Cardinal Parolin: Dialogue of Roman Catholic and Orthodox Churches to help them feel unitySociety & Culture August 20, 8:27
Polina Dibrova, mother of three, wins Mrs. Russia 2017 beauty pageantSociety & Culture August 20, 4:41
Russian emergencies ministry plane returns from firefighting mission in ArmeniaWorld August 20, 4:39
East Ukraine conflict claimed nearly 3,000 civilian lives — ICRCWorld August 20, 1:56
Renowned Russian filmmaker Andrei Konchalovsky turns 80Society & Culture August 20, 0:48
One of seven injured in Surgut stabbing spree in critical condition — authoritiesSociety & Culture August 19, 23:51
Netanyahu expects to meet with Putin in Sochi on August 23 — Israeli premier’s officeRussian Politics & Diplomacy August 19, 22:47
Surgut attacker is identified as a local resident - investigationSociety & Culture August 19, 14:09
Combat module containing neural networks may become series in Russia in 2018 — designerMilitary & Defense August 19, 10:44
MOSCOW, November 30, (ITAR-TASS). Moscow hopes that the people of Ukrainian will clear out the situation in their homeland on their own, Russian Deputy Foreign Minister Vassily Nebenzya said.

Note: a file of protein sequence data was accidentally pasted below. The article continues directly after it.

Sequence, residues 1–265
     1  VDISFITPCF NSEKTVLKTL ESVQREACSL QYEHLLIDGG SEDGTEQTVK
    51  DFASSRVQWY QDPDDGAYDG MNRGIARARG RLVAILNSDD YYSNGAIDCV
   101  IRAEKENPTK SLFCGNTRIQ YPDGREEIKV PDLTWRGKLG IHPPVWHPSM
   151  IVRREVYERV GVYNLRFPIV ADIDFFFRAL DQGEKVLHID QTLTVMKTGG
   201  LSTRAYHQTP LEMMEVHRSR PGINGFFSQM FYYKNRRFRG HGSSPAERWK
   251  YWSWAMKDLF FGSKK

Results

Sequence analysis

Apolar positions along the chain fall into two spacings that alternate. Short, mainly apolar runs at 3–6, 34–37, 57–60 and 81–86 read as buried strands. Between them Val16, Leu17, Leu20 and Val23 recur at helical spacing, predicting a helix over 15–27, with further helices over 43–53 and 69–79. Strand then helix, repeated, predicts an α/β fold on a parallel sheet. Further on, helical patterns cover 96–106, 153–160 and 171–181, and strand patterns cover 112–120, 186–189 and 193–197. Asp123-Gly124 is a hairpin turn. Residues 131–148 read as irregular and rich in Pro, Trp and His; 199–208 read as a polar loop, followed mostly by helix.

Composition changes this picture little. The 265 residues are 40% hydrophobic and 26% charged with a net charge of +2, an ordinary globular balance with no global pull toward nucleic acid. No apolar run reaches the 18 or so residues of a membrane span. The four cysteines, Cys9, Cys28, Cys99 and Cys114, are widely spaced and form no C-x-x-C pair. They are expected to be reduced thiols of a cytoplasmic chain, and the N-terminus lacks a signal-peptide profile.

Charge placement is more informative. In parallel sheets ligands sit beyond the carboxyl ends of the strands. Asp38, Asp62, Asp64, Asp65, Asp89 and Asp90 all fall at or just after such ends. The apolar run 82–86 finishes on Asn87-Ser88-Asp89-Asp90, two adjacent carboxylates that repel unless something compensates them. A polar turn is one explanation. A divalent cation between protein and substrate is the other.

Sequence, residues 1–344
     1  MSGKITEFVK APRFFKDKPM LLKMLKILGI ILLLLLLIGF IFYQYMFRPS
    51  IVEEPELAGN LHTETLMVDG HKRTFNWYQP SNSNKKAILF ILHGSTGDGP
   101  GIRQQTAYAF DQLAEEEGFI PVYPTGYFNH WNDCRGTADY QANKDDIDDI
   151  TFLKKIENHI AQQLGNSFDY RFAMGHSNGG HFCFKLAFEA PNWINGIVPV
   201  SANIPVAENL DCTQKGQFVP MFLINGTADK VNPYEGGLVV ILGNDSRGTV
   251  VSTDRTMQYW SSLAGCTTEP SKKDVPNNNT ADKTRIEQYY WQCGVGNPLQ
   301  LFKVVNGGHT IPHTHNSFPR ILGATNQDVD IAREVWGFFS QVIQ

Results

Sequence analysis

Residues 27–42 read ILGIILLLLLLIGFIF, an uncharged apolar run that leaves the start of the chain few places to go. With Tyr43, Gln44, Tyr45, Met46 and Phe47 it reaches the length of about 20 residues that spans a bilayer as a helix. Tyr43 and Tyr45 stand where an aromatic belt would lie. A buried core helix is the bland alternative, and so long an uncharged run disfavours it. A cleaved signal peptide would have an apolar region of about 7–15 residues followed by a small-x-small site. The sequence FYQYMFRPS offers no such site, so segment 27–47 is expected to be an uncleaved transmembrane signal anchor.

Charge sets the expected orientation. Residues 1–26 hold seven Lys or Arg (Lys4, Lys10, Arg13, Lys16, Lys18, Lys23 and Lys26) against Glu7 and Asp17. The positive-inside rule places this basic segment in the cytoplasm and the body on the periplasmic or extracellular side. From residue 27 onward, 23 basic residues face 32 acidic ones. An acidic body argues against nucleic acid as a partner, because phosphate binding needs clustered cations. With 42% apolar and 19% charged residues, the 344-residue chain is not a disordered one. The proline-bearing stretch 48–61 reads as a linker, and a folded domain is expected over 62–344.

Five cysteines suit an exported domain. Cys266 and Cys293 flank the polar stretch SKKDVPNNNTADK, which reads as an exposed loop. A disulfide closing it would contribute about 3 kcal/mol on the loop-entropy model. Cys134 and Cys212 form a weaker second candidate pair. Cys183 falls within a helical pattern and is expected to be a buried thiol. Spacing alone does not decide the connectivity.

“We do hope the Ukrainian people will grapple with everything themselves,” he said. “The number of supporters and opponents of Euro-integration in that country is roughly the same and one can’t disregard the fact.”
“What’s more important, however, is to be sure that the Ukrainian leadership and rank-and-file citizens figure out the prospects one or the other choice will bring along with it,” Nebenzya said.
“The agreement in Vilnius was not signed and this actually means only one thing, namely, that the Ukrainian government has decided to make a pause and to weigh out everything cautiously,” he said.
Nebenzya also said that the problem of Ukraine and the EU’s Eastern Partnership format might be raised at the EU-Russia summit in January 2014.
“We’re telling our European partners all the time we’d like to cooperate with Europe and we’re not by any means opposed to cooperation between the former Soviet republics and the EU,” he went on. “Moscow wants joint cooperation, not confrontation.”
“We speak about it all the time,” Nebenzya said. “If you look attentively at the statements the Russian representatives have made regarding the course of events /in Ukraine/ and the things our European partners have been saying, everything will be clear to you at once.